Skip to main content
Indiana University Bloomington
  •  
  •  

Hutton Honors College

 — Indiana University

"Living (and Dying) for Ideas"

Undergraduate Discussion Supper with Costica Bradatan, Distinguished Guest Fellow, University of Notre Dame Institute for Advanced Study

Monday, Nov. 12, 6-7:30 p.m.
Hutton Honors College Great Room (811 E. Seventh St.)
SIGN-UP REQUIRED: See details below


Are there circumstances in which the only way to convey an idea powerfully, persuasively is to die for it? Can a dramatic death spark change? Philosopher Costica Bradatan has written that the decision by a young Tunisian street vendor to set himself on fire in 2010 ignited the Arab Spring but notes as well that since 2009 close to 50 Tibetans have done the same to protest Chinese rule of Tibet without a change in the political circumstances of Tibet. What drives someone to such an act? What consequences can be expected? Do such acts have anything in common with suicide bombings? With risking one's life in war? What roles do religion, culture, and philosophy play in the exercise of such choices? Come to the HHC for a supper with Costica Bradatan to talk about his work on "dying (and living) for ideas."

Bradatan is an associate professor in the Honors College at Texas Tech University and a Distinguished Guest Fellow at the Notre Dame Institute for Advanced Study. His areas of expertise and teaching include history of philosophy, philosophy of religion, philosophy of literature and philosophy of film, with a special emphasis on the performative aspects of philosophizing ("philosophy as a way of life," "self-creation," "dying for an idea"), the literariness of philosophical texts, as well as the role played by the religious, cultural and intellectual contexts in their production. He has written or edited seven books, and is currently working on a book on philosophical martyrdom, Dying for Ideas: The Dangerous Lives of the Philosophers. His book reviews, essays, and op-eds can be found in the New York Times, CNN.com (CNN Opinion), Dissent, Christian Science Monitor, The New Statesman, Los Angeles Review of Books, Times Literary Supplement, The Australian, and other such venues. Over the past decade Bradatan has received grants from, or held visiting appointments at, Istituto Italiano di Scienze Umane (Italy), UniversitÓ degli Studi di Firenze (Italy), Trinity College Dublin (Ireland), University of Texas-Austin, the Newberry Library (Chicago), Woodrow Wilson International Center for Scholars (Washington DC), Bogliasco Foundation (Genoa, Italy) and the University of California at Los Angeles. He has taught at universities in Europe (United Kingdom, Germany, Hungary, Bulgaria and Romania) and Asia (India and Turkey). For more information about Bradatan and his work, check out these links: http://www.webpages.ttu.edu/cbradata/, http://www.depts.ttu.edu/honors/facultystaff/bios/costica_bradatan.php, and http://ttu.academia.edu/CosticaBradatan. His article, "The Political Psychology of Self-immolation," published in the New Statesman, can be found here.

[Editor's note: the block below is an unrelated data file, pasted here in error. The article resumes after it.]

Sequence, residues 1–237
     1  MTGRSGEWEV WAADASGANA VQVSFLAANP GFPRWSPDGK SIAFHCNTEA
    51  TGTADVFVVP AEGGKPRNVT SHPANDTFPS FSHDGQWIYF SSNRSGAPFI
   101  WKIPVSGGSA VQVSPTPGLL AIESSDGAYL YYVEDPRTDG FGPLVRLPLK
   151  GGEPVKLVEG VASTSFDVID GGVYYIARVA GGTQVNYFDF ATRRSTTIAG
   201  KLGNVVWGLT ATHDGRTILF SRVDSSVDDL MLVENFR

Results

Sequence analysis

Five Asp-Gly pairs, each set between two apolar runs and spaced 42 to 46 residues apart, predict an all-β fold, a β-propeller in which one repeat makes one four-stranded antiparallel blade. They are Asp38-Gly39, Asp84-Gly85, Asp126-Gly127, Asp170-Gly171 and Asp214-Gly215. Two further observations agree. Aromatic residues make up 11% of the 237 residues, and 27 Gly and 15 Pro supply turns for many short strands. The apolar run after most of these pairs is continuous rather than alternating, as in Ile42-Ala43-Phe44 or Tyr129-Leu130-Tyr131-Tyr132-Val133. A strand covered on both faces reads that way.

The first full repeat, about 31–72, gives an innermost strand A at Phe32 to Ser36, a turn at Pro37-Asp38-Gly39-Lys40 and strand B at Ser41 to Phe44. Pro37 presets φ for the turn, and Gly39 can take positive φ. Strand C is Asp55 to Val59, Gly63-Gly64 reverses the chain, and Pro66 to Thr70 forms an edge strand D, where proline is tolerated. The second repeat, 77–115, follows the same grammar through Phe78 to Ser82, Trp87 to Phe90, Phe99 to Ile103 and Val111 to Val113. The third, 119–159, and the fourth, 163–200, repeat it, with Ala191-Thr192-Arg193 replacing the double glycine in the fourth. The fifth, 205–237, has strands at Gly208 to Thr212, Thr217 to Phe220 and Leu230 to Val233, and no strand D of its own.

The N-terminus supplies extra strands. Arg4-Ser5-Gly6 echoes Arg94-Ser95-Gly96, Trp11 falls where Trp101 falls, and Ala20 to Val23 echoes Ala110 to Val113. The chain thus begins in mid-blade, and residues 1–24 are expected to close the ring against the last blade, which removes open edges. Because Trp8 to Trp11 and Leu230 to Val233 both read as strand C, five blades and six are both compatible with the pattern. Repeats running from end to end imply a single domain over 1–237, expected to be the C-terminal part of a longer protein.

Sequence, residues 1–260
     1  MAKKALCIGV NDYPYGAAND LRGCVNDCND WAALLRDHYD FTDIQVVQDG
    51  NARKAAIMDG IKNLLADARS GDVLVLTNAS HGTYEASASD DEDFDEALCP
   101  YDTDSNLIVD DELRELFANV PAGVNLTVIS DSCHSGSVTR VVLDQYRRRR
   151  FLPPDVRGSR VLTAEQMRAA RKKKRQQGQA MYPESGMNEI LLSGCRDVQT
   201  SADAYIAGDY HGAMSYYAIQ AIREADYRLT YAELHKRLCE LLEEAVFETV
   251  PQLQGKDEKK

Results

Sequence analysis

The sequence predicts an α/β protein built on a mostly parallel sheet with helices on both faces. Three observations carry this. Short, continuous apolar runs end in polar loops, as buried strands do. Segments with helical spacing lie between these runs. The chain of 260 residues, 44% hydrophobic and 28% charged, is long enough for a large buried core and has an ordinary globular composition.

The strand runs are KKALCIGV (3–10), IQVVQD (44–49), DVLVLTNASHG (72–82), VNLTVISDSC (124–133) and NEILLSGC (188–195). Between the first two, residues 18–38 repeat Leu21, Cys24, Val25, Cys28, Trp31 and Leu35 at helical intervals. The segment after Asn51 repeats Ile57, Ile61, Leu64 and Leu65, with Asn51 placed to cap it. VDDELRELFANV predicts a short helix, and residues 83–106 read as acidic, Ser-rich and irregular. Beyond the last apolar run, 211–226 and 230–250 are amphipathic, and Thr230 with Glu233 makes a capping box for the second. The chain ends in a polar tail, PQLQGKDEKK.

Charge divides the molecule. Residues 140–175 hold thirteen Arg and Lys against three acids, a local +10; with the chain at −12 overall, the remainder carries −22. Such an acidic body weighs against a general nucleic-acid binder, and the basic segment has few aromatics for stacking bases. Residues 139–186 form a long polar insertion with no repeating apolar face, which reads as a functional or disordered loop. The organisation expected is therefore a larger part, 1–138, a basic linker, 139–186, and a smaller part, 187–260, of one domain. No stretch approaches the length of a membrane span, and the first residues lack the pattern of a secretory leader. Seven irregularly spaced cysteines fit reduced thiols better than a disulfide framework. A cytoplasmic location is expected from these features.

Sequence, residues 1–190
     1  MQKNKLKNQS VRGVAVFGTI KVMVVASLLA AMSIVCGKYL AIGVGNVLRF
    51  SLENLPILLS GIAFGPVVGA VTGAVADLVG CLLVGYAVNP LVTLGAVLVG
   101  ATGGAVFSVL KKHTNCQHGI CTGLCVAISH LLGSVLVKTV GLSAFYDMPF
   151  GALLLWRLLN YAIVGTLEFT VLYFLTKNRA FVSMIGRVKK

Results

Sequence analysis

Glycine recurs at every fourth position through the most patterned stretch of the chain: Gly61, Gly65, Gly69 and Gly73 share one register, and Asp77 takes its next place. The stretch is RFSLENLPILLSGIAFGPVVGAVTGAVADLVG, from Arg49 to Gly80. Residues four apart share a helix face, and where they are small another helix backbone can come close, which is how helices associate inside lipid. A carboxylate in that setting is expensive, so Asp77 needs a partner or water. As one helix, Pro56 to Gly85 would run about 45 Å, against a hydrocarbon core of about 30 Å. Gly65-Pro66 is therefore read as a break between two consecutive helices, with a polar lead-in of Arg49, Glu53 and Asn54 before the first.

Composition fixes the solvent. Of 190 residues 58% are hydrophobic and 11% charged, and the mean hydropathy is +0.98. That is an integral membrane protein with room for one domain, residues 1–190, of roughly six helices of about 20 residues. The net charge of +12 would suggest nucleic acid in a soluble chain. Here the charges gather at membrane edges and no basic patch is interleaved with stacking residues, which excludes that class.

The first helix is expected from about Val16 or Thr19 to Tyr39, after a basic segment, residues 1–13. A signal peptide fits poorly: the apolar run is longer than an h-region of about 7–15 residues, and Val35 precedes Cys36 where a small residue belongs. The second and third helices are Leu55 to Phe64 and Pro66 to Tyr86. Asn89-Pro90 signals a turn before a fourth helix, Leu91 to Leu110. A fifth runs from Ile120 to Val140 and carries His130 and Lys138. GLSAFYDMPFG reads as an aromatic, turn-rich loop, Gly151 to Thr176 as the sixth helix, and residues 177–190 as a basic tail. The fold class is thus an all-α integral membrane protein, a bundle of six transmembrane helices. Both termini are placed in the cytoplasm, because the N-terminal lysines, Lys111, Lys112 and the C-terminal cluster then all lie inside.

SIGN-UP INFO: If you are interested in attending this event, please check your schedule to make sure you are available for the entire event and e-mail Anna Duquaine (aduquain@indiana.edu), indicating you wish to sign up for the "Bradatan Supper" and include your name, e-mail address, year in school, and field(s) of study. Space is limited so we will let you know by e-mail if a space was available when you replied.


Fall 2012 Programs | Extracurricular Home